The Federal Reserve
In researching the topic I found nothing but controversies surrounding the institution. Both left and right wing proponents take issue with the Fed. Being that it is a very complex and extensive topic I decided to try to focus on how the Fed was created, and how its creation has fueled controversy.
The Fed, what is it?
The Federal Reserve Act was passed on December 23rd, 1913. The act brought into existence the nation’s central bank, the Federal Reserve. The Fed is often seen as a mysterious institution, with many not even knowing what it actually is, or does. According to the Fed’s website they are responsible for: “conducting the nation’s monetary policy in pursuit of full employment and stable prices, supervising and regulating banks, maintaining the stability of the financial system, and providing certain financial services to the U.S. government.” The Fed consists of twelve regional reserve banks. These banks act as operating arms that provide services to banks and the public in their region. These regional banks are overseen by a 7 member Board of Governors. These board members are also responsible for implementing monetary policy for the United States. The board is appointed by the president and confirmed by the senate. The Fed is a unique institution in that it is both public, and private. It is considered “independent within the government.”
The Federal Reserve was not the first attempt at a national bank. In fact, there were two national banks before our current system. Both of these banks had twenty year charters and both of them expired after twenty years (1791-1801, 1816-1836). Thomas Jefferson and James Madison were strongly opposed to the first bank. They believed the bank was unconstitutional and at the expense of the majority. The second bank shared the same fate as the first, this time it was Andrew Jackson denying the renewal. Jackson was strongly opposed to the Second Bank and ultimately vetoed the bill to renew it as he thought the bank put too much power in the hands of too few.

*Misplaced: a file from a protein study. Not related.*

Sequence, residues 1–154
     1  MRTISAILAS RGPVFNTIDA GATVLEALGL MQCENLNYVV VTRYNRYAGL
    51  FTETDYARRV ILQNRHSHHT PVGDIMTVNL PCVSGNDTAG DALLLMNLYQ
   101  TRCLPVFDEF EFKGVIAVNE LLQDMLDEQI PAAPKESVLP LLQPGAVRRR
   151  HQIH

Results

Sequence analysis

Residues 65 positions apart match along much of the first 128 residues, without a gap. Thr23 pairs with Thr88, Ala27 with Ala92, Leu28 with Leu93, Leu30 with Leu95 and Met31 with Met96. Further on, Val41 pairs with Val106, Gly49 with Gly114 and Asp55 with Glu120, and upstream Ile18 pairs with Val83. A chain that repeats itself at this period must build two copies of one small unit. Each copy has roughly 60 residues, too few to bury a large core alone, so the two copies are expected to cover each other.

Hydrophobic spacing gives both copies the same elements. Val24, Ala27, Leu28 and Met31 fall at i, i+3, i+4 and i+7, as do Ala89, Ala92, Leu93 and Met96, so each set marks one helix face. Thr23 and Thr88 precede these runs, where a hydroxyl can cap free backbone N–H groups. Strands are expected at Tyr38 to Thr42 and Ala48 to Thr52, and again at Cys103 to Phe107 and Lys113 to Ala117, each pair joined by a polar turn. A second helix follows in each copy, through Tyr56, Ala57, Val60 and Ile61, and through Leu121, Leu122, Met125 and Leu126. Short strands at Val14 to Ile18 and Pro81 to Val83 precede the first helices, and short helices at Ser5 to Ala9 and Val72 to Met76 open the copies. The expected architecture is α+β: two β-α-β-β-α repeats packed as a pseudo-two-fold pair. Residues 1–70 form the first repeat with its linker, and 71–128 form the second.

In 1834 the United States went on the gold standard with a fixed price of gold per ounce ($20.67). This meant that one US dollar was worth approximately 1/20th of an ounce of gold. The gold standard was thought of as ” hard money,” and a “money of the people.” It was money that could not be tampered with. During the Civil War the government went off the gold standard and printed money (greenbacks) in order to finance the war. These fiat notes were legal tender, however they were not redeemable for any gold. The governments power to print unbacked currency can later be seen as one of the pillars of the Federal Reserve. After the civil war the US went back on the gold standard and experienced one of the greatest periods of prosperity the United States has ever seen. For twenty years the total output of goods and services increased at a rate of four percent per year. The US later lowered how much gold the dollar was worth to 40% of it’s initial value in order to print more money into circulation. The gold standard was essentially abandoned in 1933. This is important because some do not realize there is absolutely nothing backing our currency, just the promise of the government, and the trust in the US dollar.